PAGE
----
Guernsey Housing Association took on the 10-floor tower block in Charroterie about 10 years ago and did extensive upgrading, including installing Kingspan K15 insulation on the outside of the structure to make it warmer and drier.
Following the Grenfell disaster, where 72 people died in a London tower block fire in 2017, insulation has been put under the spotlight nationally. And K15 is now classed as a medium fire risk. It was low risk when Cour du Parc was refurbished.
Outgoing GHA chief executive Steve Williams said the GHA took safety very seriously.
‘We are bitterly disappointed, as we were assured in 2012 when we decided on the specification for the modernisation that the building materials we chose were fire resistant and designed for cladding high-rise buildings,’ he said.
The issue came to light last summer, when it was found the guaranteed level of fire safety had been changed to medium. A specialist consultant was brought in, who recommended the cladding was removed and replaced.
It has taken some time to determine exactly which cladding was on the building, as the Kingspan formula has changed over time, leading to various fire ratings. But now they were clear, the GHA wanted to take action.
The existing panels will be replaced with rockwool - an inert stone wool insulation. Mr Williams said they had considered using it originally, but had decided on the Kingspan as at had better insulation credentials and had the same cost and fire rating. But since the re-rating, rockwool was now safer. The material has a long track record.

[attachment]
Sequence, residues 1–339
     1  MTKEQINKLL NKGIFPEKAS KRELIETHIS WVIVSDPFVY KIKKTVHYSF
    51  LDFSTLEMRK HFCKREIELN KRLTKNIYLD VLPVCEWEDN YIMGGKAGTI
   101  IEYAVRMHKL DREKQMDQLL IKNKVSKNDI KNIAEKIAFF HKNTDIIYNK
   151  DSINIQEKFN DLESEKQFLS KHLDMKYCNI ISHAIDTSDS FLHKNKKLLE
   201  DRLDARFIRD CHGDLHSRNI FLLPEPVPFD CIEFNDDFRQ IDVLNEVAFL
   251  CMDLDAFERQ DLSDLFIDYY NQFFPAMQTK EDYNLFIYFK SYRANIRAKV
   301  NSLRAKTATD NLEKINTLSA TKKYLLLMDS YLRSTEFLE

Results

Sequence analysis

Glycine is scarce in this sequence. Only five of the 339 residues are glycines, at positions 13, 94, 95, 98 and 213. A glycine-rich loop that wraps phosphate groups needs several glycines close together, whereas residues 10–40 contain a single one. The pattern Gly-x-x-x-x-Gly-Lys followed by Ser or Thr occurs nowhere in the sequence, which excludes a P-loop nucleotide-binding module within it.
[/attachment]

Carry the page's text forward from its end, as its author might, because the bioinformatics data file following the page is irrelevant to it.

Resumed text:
‘Everybody is happy with it,’ Mr Williams said.
‘It is the product sold for this job.’
The new rockwool panels will be installed and the structure will be staying green once the work is complete.
Incoming chief executive Victoria Slade is in the process of taking over the top role from Mr Williams and has been involved with cladding change.
She said safety was a top priority and a number of safety measures were already in place. But they were making this change to make the building was safe as they could.
‘It’s belts and braces,’ she said.
‘The big issue is making sure everyone sleeps soundly in their beds [without worrying].’
Mr Williams said they have been liaising with Building Control and Guernsey Fire & Rescue.
‘The building is safe,’ he said.
‘We could have just left it, but knowing it’s medium risk, we are not happy to stay with that, as a responsible landlord.’
Resident received a hand delivered letter yesterday informing them about the work. They will not need to move out while the work takes place next spring.
Fire safety measures
Fire alarm, with an evacuation plan
A fire standard lift